The World Music of Acoustic Alchemy : Acoustic Alchemy Mixes Up Its Brand of World Music

When English guitarists Nick Webb and Greg Carmichael, who compose the instrumental group Acoustic Alchemy, came to the United States two years ago to shop for a record deal, they paid for their trip by playing their way over.

On a plane.

“We couldn’t afford to take a month off, so we got a job playing on Virgin Airlines, which is owned by Richard Branson, who also owns Virgin Records,” said Webb, 34. “Virgin has a great selection of in-flight entertainment, with videos and music, and during the winter, the flights feature acoustic musicians. We auditioned and got the job. We’d play 10 minutes every hour, strolling through the different sections of the jumbo jet. People loved it.”

The pair found an equally warm reception with American record labels. They received several offers, eventually signing with Tony Brown, the creative mind behind the MCA Master Series, an acoustic non-country label based in Nashville that has recorded such diverse artists as jazz/fusion guitarist Larry Carlton and bass wizard Edgar Meyer.


“Tony’s offer was the most interesting, in that he gave us complete artistic freedom to make any record we want to,” Webb said from London, just before leaving for the group’s first American tour. Acoustic Alchemy plays the Roxy tonight, the Coach House in San Juan Capistrano on Thursday and the Catalina Jazz Festival in Avalon on Saturday.

Webb made the recording process sound simple. “Money is sent to us in Europe and we record whatever we want,” he said. “The only condition is that the recording has to be of high audio quality.”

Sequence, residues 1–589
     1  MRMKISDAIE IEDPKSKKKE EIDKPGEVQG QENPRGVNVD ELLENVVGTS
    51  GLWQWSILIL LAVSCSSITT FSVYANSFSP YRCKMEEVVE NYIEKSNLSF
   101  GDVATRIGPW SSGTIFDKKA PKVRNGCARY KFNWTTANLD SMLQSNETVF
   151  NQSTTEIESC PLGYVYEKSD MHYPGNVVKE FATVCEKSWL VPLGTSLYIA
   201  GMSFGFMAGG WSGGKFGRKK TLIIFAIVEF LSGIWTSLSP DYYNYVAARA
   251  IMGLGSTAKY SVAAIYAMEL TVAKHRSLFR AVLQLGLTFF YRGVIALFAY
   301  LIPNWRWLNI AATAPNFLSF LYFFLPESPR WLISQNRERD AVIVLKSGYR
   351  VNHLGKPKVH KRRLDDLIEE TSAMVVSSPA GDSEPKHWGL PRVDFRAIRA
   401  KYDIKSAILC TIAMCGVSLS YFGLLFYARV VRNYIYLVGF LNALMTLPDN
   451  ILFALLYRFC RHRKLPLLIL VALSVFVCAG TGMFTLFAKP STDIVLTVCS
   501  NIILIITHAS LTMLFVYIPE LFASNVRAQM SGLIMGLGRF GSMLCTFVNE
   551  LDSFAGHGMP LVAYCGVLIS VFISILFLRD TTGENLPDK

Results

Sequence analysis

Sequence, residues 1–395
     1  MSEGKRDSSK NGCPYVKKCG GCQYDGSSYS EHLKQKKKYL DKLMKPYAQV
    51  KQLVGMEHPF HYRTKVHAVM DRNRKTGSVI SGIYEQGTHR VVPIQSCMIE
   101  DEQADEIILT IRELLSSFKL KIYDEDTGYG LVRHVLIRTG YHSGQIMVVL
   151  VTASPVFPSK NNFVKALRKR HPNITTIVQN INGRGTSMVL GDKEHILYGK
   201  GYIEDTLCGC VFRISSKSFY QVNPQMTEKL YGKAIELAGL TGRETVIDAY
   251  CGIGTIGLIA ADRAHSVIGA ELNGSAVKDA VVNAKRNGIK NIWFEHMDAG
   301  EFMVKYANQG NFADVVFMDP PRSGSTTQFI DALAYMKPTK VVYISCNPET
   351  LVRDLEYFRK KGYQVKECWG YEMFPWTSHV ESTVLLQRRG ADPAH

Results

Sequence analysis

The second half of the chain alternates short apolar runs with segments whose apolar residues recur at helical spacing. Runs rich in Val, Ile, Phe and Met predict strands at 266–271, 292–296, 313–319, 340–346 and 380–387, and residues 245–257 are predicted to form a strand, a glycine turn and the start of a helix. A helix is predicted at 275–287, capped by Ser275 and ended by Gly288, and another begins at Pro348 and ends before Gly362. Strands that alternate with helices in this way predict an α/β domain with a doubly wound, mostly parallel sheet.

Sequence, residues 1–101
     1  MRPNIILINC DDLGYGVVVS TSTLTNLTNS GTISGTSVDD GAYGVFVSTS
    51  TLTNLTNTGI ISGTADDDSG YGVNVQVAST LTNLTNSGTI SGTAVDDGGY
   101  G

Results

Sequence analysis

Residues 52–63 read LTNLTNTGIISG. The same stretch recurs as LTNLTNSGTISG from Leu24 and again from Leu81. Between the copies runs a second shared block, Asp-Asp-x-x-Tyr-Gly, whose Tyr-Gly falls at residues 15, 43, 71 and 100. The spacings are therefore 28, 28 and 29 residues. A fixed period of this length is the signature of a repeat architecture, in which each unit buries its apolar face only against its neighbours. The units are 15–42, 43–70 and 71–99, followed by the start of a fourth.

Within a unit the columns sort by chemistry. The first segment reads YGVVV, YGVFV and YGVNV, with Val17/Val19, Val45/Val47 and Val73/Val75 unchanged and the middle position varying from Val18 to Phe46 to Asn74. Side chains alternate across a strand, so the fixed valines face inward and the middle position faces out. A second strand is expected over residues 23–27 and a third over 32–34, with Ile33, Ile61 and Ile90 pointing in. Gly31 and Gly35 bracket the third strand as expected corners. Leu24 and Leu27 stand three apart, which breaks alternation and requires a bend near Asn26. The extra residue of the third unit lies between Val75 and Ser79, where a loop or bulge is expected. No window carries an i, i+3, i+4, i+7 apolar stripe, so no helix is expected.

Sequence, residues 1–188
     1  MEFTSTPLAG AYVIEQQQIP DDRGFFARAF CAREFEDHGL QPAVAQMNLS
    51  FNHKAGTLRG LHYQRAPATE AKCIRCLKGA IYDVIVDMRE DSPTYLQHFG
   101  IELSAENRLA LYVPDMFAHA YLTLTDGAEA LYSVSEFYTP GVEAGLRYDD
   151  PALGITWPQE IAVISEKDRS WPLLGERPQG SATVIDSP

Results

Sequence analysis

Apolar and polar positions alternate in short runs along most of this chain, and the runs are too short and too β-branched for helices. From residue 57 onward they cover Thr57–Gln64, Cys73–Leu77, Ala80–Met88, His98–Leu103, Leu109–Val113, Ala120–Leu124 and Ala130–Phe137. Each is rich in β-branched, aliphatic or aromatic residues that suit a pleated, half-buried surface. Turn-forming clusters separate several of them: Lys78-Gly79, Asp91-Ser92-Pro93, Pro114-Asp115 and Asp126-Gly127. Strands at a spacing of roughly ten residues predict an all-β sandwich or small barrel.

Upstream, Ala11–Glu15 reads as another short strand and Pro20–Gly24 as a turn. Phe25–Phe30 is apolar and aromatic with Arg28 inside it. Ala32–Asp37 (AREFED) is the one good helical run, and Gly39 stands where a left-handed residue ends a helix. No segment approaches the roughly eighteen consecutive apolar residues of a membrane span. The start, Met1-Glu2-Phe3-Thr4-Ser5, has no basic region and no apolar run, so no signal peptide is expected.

The group’s two releases, 1987’s “Red Dust and Spanish Last” and the follow-up “Natural Elements,” released last February, have together sold about 150,000 copies, more than either Webb, Brown or executives at MCA Jazz, which distributes the Master Series, anticipated.

“We’ve surprised them because we’ve outsold everybody on the Master Series but Larry Carlton,” Webb said. “ ‘Natural Elements’ is still selling several thousand copies a week, and the first one is selling after being out 18 months. The thing about this kind of music is that if you get it right, it seems to sort of go on forever with the sales.”


Though the group, which records and tours with two synthesizers, bass and drums in addition to the leaders--"That’s the ‘alchemy’ part of it, if you like"--plays pieces that have some of the light, filmy background-ish quality that characterizes New Age music, Webb doesn’t think of Acoustic Alchemy as a New Age band.

“We’re an instrumental music band of a wide variety of styles, and we’ve been marketed as New Age,” Webb said. “I don’t mind that if it helps us reach an audience, though we don’t have a lot in common with a lot of the New Age things. Our influences are jazz, European classical music, flamenco, as well as Latin and African rhythms and such. So it’s more your world music, if you like, translated on to the guitar.”

Webb thinks that his and Carmichael’s writing style accounts for much of the group’s success. “We tend to write melodically, rather than indulge in longer structures,” he said. “We employ the song format more than anything else, which is a key to why we’re having so much radio play.” Such stations as KTWV (“The Wave”) have been giving Acoustic Alchemy exposure, and the group’s LPs have placed highly on charts in both Billboard and Radio and Records magazines. Also the band’s first video, “Casino,” has been airing on VH-1.

Born in Manchester, England, Webb’s first professional activity was as an acoustic folk artist, “doing James Taylor and Paul Simon numbers.” But after four years at Leeds College of Music, Webb had the skills to form Acoustic Alchemy. The group began five years ago, and the London-born Carmichael, 33, who has a classical background and has played with flamenco and reggae groups, replaced original member Simon James in 1985.

The guitarists possess distinctive conceptual viewpoints. “I’m less of a jazzer than Greg,” Webb said. “He’s such a mixture of styles, he tends to phrase in a slightly more be-bop vein, while I’m phrasing more like rock. I improvise on the steel-stringed guitar, using the pick, he plays the nylon-string guitar, playing without the pick.”

Webb thinks that today’s music climate is ideal for a band like Acoustic Alchemy.

“People are much more open-eared these days to different styles.”